Given the title of the essay, it won't come as any surprise that this "complex spiritual set of problems" will dominate the rest of the study on the "caballeresca odisea del yagunzo Riobaldo" ["chivalric odyssey of the jagunço Riobaldo"] (101).  However, Vargas Llosa, building on W.H. Auden's observation that the literary worth of a book can perhaps best be measured by the number of possible different readings it can sustain, first claims that Guimarães Rosa's novel is a marvelous example of Auden's thesis, "pues este libro, tan enigmático y polifacético como su autor, es en realidad una suma de libros de naturaleza bien distinta" ["since this book, as enigmatic and versatile as its author, is in reality a summa of books very different in nature"] (103).  What types of books can be found contained within this summa?  For Vargas Llosa, what he calls a quick and innocent reading of GS:V "que atienda sólo a la vertiginosa cascada de episodios que componen el argumento de la novela y salte alegremente sobre los obstáculos y las dificultades estilísticas" ["that only pays attention to the dizzying cascade of episodes of which the novel's plot is composed and happily ignores its stylistic difficulties and obstacles"] will offer the reader "una espléndida epopeya costumbrista del sertón" ["a splendid costumbrista epic of the sertão," "costumbrista" being a difficult to translate term having to do with a picturesque representation of everyday life with plenty of local color] or a novel of action (Ibid.).  A more penetrating and provocative reading of the novel that doesn't shy away from but actually confronts its "complejidad lingüística" ["linguistic complexity"] (104), though, will reveal something altogether different: "una realidad verbal" ["a verbal reality"] in which Riobaldo's words themselves and his manner of expressing himself function as a beginning and an end of their own. "Leída así, dejándose esclavizar por su hechizo fonético, sucumbiendo a su magia verbal, la novela de Guimarães Rosa se nos aparece como una Torre de Babel milagrosamente suspendida sobre la realidad humana, sin contacto con ella y sin embargo viva, como una construcción más cercana a la música (o a cierta poesía) que a la literatura" ["Read in this way, letting onself be enslaved by its phonetic witchcraft, succumbing to its verbal magic, Guimarães Rosa's novel appears to us as a Tower of Babel miraculously suspended over human reality, without contact with it and yet alive, like a structure nearer to music (or to certain poetry) than to literature"] (105).  For people yet to fall under Guimarães Rosa's backlands spell, the usually down to earth Vargas Llosa may seem unduly hyperbolic or maybe architecturally mystical here.  Yet he goes on to argue that many of the most disquieting aspects of the novel and in particular Riobaldo's frequent return to his possible pact with the devil throughout his monologue point to yet another possible way to read the novel--as a work in which "la realidad entera sea una proyección del infierno" ["the entire reality is a projection of hell"] (Ibid.).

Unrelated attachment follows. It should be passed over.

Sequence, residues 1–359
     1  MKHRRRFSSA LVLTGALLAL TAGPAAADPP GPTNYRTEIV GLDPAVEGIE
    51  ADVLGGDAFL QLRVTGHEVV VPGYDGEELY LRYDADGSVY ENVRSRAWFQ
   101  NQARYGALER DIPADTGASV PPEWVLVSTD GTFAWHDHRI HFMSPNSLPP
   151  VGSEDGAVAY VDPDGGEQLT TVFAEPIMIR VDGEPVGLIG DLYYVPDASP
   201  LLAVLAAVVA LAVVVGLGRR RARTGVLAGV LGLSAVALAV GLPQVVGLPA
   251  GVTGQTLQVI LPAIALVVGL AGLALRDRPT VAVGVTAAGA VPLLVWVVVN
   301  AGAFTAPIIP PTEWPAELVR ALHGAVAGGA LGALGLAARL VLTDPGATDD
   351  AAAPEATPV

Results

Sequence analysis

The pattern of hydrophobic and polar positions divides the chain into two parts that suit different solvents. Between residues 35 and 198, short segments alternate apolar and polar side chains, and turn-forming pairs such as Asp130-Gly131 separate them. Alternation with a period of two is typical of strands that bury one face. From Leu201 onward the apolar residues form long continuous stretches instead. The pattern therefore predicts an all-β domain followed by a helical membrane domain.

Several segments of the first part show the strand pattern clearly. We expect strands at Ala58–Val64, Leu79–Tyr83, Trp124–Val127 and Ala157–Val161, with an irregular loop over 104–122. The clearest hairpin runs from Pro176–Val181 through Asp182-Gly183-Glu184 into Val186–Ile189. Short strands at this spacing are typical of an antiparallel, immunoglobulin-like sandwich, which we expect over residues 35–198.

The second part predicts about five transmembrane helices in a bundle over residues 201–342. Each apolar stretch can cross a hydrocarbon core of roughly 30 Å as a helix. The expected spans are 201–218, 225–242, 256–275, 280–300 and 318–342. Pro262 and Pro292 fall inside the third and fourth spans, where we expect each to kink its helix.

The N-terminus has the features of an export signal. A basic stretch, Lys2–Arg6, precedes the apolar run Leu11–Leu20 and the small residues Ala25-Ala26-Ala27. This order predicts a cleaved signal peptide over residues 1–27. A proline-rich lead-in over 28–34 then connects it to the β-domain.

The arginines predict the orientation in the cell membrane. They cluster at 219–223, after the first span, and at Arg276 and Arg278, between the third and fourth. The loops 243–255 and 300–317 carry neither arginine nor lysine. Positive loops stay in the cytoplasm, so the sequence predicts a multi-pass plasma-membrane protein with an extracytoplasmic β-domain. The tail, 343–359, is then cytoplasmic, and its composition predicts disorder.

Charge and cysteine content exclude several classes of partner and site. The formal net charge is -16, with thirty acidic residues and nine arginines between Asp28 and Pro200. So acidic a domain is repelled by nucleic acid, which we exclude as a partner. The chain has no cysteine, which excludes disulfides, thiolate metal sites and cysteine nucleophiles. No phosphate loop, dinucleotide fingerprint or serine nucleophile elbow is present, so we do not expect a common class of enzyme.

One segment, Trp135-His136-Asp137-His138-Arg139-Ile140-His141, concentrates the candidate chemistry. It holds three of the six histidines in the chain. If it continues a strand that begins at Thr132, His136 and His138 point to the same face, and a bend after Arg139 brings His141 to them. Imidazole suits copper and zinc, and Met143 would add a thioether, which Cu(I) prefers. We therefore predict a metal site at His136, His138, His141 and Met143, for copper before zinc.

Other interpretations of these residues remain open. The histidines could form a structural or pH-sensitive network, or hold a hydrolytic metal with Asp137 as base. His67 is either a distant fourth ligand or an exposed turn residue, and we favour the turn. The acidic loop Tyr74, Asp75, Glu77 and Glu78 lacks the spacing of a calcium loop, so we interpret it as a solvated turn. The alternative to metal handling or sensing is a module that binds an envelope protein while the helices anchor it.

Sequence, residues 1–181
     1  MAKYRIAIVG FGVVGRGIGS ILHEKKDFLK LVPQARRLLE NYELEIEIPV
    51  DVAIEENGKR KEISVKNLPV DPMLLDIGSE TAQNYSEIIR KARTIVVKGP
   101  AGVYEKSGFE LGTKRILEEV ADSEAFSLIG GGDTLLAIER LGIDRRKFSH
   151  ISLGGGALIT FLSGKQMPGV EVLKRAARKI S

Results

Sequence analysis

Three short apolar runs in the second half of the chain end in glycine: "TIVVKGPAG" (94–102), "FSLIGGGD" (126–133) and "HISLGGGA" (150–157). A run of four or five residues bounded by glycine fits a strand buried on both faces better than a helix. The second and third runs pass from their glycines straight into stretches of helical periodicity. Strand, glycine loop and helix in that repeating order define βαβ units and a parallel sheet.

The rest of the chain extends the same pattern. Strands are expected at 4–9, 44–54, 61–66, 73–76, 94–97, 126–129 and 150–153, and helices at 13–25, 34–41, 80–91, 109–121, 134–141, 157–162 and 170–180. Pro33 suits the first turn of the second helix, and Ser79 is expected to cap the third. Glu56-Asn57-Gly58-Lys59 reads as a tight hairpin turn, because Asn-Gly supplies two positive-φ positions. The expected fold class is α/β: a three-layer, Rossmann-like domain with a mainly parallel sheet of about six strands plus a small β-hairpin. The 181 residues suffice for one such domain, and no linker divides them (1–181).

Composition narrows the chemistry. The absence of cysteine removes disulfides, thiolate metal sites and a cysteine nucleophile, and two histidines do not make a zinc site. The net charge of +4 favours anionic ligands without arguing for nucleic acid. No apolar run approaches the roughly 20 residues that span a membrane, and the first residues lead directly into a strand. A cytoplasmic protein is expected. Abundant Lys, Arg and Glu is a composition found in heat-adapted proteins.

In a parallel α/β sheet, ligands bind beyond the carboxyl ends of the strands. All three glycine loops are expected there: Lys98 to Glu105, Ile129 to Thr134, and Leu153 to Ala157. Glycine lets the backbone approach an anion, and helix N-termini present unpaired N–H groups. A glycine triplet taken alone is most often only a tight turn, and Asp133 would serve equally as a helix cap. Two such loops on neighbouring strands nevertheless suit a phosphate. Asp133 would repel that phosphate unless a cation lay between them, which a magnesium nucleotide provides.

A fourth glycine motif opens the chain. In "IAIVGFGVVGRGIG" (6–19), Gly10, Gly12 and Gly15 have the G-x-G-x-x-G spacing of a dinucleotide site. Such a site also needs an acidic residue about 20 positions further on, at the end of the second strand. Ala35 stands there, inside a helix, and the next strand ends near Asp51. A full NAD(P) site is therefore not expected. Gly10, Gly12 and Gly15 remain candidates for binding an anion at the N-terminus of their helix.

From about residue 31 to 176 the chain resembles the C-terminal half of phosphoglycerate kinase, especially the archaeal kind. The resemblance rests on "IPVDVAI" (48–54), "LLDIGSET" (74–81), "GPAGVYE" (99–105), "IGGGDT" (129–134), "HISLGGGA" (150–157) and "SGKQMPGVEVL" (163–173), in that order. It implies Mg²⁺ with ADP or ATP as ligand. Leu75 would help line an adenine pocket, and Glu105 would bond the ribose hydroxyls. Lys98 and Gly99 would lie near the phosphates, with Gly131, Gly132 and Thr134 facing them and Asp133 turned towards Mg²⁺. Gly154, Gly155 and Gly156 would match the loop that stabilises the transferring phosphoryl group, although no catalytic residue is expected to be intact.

Concentrando una atención primordial en esa sucesión de alusiones sombrías, contaminadas de esoterismo simbólico, en esos fuegos fatuos que aparecen y desaparecen estratégicamente en la historia, bordando una sutil enrededera luciferina que abraza la vida de Riobaldo y el paisaje del sertón, Gran sertón: veredas aparece ya no como una novela de aventuras o una sinfonía, sino como una alegoría religiosa del mal, una obra traspasada de temblor místico y emparentada lejanamente con la tradición de la novela negra gótica inglesa (El monje, El castillo de Otranto, etc.) (106-107).